“Organic is a growth industry,” said Angela Jagiello, Director of Education & Insights for the Organic Trade Association. “With organic expanding at more than twice the rate of conventional products, we’ll need plenty of bright, innovative thinkers to lead the industry’s evolution. By welcoming students from a diversity of programs and disciplines, we will support these individuals in their career pursuits, and thus pave the way for organic’s continued success.”

In addition to access to the expertise of the Organic Trade Association, future plans for the program include opportunities to complete a foundational organic curriculum through a professional certification program, as well as opportunities for networking, internships and more.

The annual membership fee to join the trade association for this category is $50. However, the association has established a generous scholarship program to allow qualified candidates to participate regardless of their ability to pay. Interested students will undergo a simple application process that asks why they are inspired by organic, as well as where and what they are studying. The application can be made online, or via video submission.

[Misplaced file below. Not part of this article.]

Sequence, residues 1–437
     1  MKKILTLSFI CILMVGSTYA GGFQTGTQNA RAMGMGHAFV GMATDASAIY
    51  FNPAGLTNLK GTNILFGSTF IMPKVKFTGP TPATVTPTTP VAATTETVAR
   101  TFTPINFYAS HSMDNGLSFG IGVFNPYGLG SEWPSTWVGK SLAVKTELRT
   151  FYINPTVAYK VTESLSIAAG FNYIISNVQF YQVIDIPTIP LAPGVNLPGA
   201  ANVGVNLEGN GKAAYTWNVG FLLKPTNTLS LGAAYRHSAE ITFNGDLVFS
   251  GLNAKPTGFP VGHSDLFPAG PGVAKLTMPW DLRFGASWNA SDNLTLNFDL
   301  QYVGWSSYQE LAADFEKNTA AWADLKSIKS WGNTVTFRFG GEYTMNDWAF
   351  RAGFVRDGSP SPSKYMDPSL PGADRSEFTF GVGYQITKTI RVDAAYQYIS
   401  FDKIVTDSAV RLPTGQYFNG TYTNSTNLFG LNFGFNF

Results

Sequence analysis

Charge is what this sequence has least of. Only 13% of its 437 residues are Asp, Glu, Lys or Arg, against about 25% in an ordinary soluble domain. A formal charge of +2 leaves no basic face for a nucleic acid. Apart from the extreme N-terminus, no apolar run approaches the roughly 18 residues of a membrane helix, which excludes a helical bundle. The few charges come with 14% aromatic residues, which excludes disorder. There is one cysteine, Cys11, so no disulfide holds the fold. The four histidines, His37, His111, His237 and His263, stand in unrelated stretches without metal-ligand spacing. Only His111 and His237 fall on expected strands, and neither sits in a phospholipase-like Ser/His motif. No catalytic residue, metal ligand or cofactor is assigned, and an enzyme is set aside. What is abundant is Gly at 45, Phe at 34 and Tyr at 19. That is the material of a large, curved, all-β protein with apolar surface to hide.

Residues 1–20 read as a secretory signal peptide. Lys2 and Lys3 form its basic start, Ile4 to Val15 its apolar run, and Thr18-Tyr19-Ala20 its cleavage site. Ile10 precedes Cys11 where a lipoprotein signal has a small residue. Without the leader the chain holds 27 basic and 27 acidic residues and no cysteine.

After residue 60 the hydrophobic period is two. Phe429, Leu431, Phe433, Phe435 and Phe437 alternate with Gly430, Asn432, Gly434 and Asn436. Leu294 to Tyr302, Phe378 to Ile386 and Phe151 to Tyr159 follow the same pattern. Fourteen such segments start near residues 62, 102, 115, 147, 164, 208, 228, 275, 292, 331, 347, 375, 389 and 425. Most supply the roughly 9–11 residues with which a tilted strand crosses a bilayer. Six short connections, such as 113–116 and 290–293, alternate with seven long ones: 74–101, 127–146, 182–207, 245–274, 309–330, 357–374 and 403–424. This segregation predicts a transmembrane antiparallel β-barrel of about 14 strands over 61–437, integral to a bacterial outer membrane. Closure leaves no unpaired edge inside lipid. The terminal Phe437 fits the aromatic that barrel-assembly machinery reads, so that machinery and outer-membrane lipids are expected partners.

For more information about student memberships, contact Angie Jagiello.

The Organic Trade Association (OTA) is the membership-based business association for organic agriculture and products in North America. OTA is the leading voice for the organic trade in the United States, representing over 9,500 organic businesses across 50 states. Its members include growers, shippers, processors, certifiers, farmers' associations, distributors, importers, exporters, consultants, retailers and others. OTA’s Board of Directors is democratically elected by its members. OTA's mission is to promote and protect ORGANIC with a unifying voice that serves and engages its diverse members from farm to marketplace. The Organic Trade Association does not discriminate on the basis of age, disability, national origin or ancestry, race, gender, religion, sexual orientation, marital status, political affiliation or military status. Persons with disabilities who require alternate means for communication of program information can contact us at